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Synchronize Configuration across Clusters

You can synchronize a ConfigMap or a Secret into different clusters using Kubed. For this you need to provide a kube-config file consisting cluster contexts and specify context names in comma separated format using annotation. Kubed will create a copy of that ConfigMap/Secret in all clusters specified by the annotation. For each cluster, it will sync into source namespace by default, but if namespace specified in the context (in the kube-config file), it will sync into that namespace. Note that, Kubed will not create any namespace, it has to be created beforehand.

If the data in the source ConfigMap/Secret is updated, all the copies will be updated. Either delete the source ConfigMap/Secret or remove the annotation from the source ConfigMap/Secret to remove the copies.

If the list of contexts specified by the annotation is updated, Kubed will synchronize the ConfigMap/Secret accordingly, ie. it will create ConfigMap/Secret in the clusters listed in new annotation (if not already exists) and delete ConfigMap/Secret from the clusters that were synced before but not listed in new annotation.

Note that, Kubed will error out if multiple contexts listed in annotation point same cluster. Also Kubed assumes that none of cluster contexts in kube-config file points the source cluster.

Before You Begin

At first, you need to have a Kubernetes cluster and the kubectl command-line tool must be configured to communicate with your cluster. If you do not already have a cluster, you can create one by using Minikube. You also need a kube-config file consisting cluster contexts where you want to sync your ConfigMap/Secret.

Deploy Kubed

To enable config syncer for different clusters, you need a cluster config like below.

$ cat ./docs/examples/cluster-syncer/config.yaml

clusterName: minikube
enableConfigSyncer: true
kubeConfigFile: /srv/kubed/kubeConfigFile
clusterNameOptional. Specifies the source cluster name used in label
enableConfigSyncerRequired. If set to true, ConfigMap/Secret synchronization operation will be enabled.
kubeConfigFileRequired. Specifies the path of kube-config file.

Lets’ consider following demo kube-config file:

$ cat ./docs/examples/config-syncer/demo-kubeconfig.yaml

apiVersion: v1
kind: Config
- name: cluster-1
    certificate-authority-data: ...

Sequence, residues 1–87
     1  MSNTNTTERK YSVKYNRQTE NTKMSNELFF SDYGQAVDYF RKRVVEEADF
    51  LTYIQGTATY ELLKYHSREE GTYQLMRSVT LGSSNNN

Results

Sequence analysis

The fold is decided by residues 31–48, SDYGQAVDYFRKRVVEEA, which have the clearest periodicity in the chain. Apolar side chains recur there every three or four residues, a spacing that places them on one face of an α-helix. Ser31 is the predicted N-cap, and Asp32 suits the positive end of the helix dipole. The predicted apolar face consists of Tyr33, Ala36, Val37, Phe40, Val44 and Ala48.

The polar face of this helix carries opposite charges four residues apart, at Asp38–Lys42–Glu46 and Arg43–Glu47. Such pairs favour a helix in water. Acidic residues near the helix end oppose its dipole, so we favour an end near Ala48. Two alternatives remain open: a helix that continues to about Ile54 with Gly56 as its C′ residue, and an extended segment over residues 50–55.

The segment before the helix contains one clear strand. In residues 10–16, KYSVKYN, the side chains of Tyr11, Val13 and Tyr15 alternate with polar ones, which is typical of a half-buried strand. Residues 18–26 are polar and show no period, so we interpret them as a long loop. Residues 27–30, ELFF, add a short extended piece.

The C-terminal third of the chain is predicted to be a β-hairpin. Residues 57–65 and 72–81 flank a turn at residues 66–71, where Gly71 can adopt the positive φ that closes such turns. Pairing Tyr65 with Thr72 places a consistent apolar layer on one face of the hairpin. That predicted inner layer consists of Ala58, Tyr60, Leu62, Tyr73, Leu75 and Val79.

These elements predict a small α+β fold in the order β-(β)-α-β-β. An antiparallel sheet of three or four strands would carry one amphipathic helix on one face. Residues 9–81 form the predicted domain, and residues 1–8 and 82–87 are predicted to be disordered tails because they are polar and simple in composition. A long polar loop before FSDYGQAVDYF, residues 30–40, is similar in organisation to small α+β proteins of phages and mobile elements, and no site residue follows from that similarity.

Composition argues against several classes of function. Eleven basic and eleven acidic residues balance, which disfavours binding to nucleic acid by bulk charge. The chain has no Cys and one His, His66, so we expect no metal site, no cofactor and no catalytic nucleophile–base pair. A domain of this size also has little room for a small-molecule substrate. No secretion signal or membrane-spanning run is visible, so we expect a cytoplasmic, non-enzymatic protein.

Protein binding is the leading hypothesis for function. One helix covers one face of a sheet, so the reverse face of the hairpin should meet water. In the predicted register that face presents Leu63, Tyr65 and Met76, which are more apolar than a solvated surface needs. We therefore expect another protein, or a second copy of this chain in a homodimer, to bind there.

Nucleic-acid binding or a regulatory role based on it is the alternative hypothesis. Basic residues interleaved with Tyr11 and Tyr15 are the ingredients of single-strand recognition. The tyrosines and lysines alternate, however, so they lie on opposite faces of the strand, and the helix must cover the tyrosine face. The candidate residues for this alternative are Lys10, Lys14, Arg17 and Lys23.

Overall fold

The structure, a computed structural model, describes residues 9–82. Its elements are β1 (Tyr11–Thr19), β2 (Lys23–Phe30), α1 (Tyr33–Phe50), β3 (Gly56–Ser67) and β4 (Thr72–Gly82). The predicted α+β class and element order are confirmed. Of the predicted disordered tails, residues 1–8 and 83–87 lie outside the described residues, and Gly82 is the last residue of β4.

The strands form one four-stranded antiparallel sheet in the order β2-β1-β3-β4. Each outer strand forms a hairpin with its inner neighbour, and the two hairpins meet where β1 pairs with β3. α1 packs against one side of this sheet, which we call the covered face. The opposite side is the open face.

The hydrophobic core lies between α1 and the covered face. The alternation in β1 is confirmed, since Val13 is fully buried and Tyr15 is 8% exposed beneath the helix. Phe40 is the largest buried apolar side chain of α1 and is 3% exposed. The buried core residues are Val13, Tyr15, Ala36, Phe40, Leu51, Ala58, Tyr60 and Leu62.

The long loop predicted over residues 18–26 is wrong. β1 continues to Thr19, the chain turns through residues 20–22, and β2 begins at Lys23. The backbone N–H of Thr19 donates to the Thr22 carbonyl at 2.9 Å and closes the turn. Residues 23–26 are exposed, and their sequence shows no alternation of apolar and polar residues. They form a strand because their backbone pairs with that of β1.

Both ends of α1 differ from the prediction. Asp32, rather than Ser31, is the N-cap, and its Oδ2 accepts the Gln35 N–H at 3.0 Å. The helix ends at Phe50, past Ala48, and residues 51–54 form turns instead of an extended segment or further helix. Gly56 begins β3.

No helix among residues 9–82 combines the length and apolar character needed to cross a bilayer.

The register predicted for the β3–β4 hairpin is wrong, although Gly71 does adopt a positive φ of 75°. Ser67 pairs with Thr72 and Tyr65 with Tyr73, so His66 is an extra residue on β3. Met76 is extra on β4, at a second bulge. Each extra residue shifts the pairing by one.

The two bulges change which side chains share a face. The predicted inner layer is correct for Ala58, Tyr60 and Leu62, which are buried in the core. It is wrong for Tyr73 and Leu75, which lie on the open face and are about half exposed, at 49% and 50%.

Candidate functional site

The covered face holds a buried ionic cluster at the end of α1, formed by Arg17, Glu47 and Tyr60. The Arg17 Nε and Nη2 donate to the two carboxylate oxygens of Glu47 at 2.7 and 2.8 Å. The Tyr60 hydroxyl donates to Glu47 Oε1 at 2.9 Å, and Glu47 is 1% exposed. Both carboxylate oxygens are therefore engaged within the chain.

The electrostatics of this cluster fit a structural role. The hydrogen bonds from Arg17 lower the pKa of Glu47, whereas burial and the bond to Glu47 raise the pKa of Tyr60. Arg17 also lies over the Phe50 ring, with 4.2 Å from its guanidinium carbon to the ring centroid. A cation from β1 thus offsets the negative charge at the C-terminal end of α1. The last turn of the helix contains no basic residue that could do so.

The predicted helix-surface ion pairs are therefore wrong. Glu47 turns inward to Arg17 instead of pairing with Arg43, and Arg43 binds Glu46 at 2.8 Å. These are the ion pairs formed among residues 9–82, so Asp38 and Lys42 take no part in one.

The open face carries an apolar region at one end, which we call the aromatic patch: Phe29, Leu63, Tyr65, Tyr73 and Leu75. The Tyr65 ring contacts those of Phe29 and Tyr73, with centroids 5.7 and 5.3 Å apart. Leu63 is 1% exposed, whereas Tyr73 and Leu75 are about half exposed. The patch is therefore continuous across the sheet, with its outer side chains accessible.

- name: cluster-2
    certificate-authority-data: ...
- name: user-1
    client-certificate: ...
    client-key: ...
- name: user-2
    client-certificate: ...
    client-key: ...
- name: context-1
    cluster: cluster-1
    user: user-1
- name: context-2
    cluster: cluster-2
    user: user-2
    namespace: demo-cluster-2

Now, create a Secret with the Kubed cluster config under config.yaml key. Also include required kube-config file under kubeConfigFile key. You can use separate secret for kube-config.

$ kubectl create secret generic kubed-config -n kube-system \
    --from-file=./docs/examples/cluster-syncer/config.yaml \
secret "kubed-config" created

# apply app=kubed label to easily cleanup later
$ kubectl label secret kubed-config app=kubed -n kube-system
secret "kubed-config" labeled

$ kubectl get secret kubed-config -n kube-system -o yaml
apiVersion: v1
  config.yaml: ZW5hYmxlQ29uZmlnU3luY2VyOiB0cnVlCg==
  kubeConfigFile: base64 endoded contents of kube-config file
kind: Secret
  creationTimestamp: 2017-07-26T10:25:33Z
    app: kubed
  name: kubed-config
  namespace: kube-system
  resourceVersion: "25114"
  selfLink: /api/v1/namespaces/kube-system/secrets/kubed-config
  uid: c207c236-71ec-11e7-a5ec-0800273df5f2
type: Opaque

Now, deploy Kubed operator in your cluster following the steps here. It will mount the secret inside operator pod in path /srv/kubed. So kubed cluster config file will be available in path /srv/kubed/config.yaml and kube-config file will be available in path /srv/kubed/kubeConfigFile. Once the operator pod is running, go to the next section.

Synchronize ConfigMap

At first, create a ConfigMap called omni in the demo namespace. This will be our source ConfigMap.

$ kubectl create namespace demo
namespace "demo" created

$ kubectl apply -f ./docs/examples/config-syncer/demo.yaml
configmap "omni" created

Now, apply the "context-1,context-2" annotation to ConfigMap omni.

$ kubectl annotate configmap omni"context-1,context-2" -n demo
configmap "omni" annotated

It will create configmap “omni” in cluster-1 and cluster-2. For cluster-1 it will sync into source namespace demo since no namespace specified in context-1 and for cluster-2 it will sync into demo-cluster-2 namespace since namespace specified in context-2. Here we assume that those namespaces already exits in the respective clusters.

Other concepts like updating source configmap, removing annotation, origin annotation, origin labels, etc. are similar to the tutorial described here.

Next Steps

  • Need to keep some configuration synchronized across namespaces? Try Kubed config syncer.
  • Learn how to use Kubed to protect your Kubernetes cluster from disasters here.
  • Want to keep an eye on your cluster with automated notifications? Setup Kubed event forwarder.
  • Out of disk space because of too much logs in Elasticsearch or metrics in InfluxDB? Configure janitors to delete old data.
  • Wondering what features are coming next? Please visit here.
  • Want to hack on Kubed? Check our contribution guidelines.